If you went into Clearview Elementary school last week, you could see kids playing an impromptu game of volleyball.
The game was being played by kids of all ages, while balls matching the colours of the rainbow flew around haphazardly.
In some places, this isn’t a big deal. But for the kids of Clearview, having the space to do this without restrictions was a cause for celebration last Thursday.
Clearview has always had a gymnasium. But Doug Boyd, School District 60’s Secretary-Treasurer, said there were discussions to replace it for the past 30 years.
The old gymnasium – which had about same space as a generously-sized family living room – meant that kids couldn’t play like they could elsewhere.
“The foul shot line was centre court for basketball,” said Boyd. “Three bricks up the wall was the end line (for volleyball).”
Dennis Giesbrecht, the school’s former P.E. teacher, said that sports had to be modified in order for them to be taught.
“We had to have a lot of people sitting at all times because we didn’t have enough room,” he said. “We had to take turns.”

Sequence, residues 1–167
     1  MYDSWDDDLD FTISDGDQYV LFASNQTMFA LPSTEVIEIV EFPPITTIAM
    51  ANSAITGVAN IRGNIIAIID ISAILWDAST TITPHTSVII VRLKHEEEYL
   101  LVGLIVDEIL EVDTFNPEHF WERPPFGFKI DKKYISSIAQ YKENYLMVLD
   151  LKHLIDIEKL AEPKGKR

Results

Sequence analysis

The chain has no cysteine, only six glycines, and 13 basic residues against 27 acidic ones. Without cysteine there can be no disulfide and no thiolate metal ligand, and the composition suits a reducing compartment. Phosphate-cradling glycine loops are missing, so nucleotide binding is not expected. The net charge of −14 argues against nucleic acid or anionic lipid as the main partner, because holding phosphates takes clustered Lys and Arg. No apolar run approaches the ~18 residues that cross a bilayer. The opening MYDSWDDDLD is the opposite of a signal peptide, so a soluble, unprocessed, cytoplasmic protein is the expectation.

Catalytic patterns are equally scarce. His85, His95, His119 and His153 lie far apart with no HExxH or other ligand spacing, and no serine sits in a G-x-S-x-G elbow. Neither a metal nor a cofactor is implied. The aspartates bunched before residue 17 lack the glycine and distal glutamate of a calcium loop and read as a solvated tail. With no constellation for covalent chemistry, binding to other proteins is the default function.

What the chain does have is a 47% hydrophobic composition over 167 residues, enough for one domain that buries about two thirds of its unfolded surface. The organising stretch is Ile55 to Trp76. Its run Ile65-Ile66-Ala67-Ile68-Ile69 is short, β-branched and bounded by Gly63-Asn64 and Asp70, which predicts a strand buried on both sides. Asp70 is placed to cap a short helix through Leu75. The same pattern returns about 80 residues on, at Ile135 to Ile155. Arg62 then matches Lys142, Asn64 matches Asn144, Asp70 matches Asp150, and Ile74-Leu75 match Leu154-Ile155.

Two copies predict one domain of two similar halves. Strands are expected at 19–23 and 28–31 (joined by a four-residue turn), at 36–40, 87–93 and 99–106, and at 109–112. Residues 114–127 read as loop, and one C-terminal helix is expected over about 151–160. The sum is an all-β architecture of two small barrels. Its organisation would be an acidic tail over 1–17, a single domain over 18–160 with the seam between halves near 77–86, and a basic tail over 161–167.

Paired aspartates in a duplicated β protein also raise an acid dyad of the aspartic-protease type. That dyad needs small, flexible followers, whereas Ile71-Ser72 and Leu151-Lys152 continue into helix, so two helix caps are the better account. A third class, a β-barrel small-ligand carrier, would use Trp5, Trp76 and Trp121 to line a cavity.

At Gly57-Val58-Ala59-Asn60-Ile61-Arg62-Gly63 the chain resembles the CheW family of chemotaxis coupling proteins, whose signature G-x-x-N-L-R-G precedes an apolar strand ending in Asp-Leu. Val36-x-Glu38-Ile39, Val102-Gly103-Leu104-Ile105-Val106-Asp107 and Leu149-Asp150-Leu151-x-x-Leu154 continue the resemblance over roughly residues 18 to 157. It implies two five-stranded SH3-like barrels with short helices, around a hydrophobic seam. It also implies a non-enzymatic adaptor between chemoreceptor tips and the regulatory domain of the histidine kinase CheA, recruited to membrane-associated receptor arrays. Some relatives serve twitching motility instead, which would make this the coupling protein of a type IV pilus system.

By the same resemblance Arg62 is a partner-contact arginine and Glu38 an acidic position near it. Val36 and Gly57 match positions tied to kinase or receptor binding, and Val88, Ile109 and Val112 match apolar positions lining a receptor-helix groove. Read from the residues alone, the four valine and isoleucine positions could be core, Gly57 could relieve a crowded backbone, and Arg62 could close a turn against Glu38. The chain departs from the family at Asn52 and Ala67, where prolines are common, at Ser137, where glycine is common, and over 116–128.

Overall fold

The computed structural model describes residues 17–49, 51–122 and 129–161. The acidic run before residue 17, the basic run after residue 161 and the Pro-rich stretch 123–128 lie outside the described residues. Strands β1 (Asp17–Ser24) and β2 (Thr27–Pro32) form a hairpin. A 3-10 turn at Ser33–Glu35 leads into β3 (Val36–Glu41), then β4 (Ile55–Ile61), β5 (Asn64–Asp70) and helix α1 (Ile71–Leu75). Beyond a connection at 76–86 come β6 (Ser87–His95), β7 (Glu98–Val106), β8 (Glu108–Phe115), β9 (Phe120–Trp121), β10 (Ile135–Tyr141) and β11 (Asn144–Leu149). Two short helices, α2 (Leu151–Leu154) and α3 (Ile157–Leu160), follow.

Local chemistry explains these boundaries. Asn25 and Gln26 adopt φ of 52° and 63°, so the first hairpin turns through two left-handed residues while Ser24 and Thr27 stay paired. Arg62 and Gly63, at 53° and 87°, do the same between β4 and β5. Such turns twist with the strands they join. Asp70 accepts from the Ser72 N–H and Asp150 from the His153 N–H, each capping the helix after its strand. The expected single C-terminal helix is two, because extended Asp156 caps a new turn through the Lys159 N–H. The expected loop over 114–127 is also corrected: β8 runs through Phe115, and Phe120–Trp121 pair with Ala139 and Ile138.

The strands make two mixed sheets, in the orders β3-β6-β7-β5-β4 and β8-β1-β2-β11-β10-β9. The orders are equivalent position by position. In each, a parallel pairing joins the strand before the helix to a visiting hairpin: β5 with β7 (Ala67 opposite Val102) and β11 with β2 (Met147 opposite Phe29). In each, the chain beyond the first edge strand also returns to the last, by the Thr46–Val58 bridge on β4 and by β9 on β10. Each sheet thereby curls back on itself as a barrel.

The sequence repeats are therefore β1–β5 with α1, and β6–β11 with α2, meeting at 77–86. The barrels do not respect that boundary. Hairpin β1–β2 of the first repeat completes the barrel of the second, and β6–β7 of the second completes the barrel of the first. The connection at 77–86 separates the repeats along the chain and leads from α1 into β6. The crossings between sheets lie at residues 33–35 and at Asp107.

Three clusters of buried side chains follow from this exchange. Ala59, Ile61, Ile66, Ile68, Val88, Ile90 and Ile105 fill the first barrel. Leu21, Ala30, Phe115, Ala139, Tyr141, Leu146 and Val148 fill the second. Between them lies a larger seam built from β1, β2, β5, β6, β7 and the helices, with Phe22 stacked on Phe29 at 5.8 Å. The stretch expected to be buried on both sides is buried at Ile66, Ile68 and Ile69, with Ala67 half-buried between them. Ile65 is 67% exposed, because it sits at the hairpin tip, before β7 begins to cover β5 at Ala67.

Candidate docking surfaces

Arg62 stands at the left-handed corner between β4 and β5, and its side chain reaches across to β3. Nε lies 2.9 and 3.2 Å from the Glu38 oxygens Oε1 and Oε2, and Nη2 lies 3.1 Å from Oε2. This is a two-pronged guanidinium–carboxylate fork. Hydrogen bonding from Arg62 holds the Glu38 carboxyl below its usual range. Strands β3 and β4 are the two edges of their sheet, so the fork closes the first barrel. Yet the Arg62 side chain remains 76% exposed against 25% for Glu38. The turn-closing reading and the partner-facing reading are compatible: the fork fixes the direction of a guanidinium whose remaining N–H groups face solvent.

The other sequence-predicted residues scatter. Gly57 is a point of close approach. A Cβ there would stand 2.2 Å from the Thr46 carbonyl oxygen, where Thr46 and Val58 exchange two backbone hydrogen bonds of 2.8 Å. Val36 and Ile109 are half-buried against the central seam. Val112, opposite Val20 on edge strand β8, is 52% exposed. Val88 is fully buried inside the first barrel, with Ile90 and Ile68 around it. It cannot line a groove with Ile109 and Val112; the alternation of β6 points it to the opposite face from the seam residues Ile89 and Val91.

But for the past four years, a concerted effort had been made by people in the community to replace that gymnasium.
With $3.6 million in funding – from the Peace River Regional District, School District 60, and the Ministry of Education – the school was able to get that new gym.
By last spring, that gym had been finally completed – with new sound system, a dividing curtain down the middle, and a space that by one estimate was four times the size of the old one.
“It feels absolutely wonderful,” said PRRD chair Karen Goodings. “This is what we worked on for a number of years to have every advantage.”
“From the educational point of view, we can now run all physical education programs within all the curriculum,” said Clearview Principal Griff Peet. “Every child has a fair opportunity to participate in all different sports.”
Kids participating in sports will be able to find out which is fun for them, and that could help them remain active later in life, Giesbrecht said.
The school will have more uses for that space, too.
“Having a common meeting place (like the gymnasium) is a great place for the community,” said Peet.
The school may also need that extra space, if growth keeps up the way it has. An earlier estimate from the Ministry of Education put their school district’s annual growth at 25 per cent.
Either way, the current kids – and the greater number of future children expected – will likely feel better now about gym time.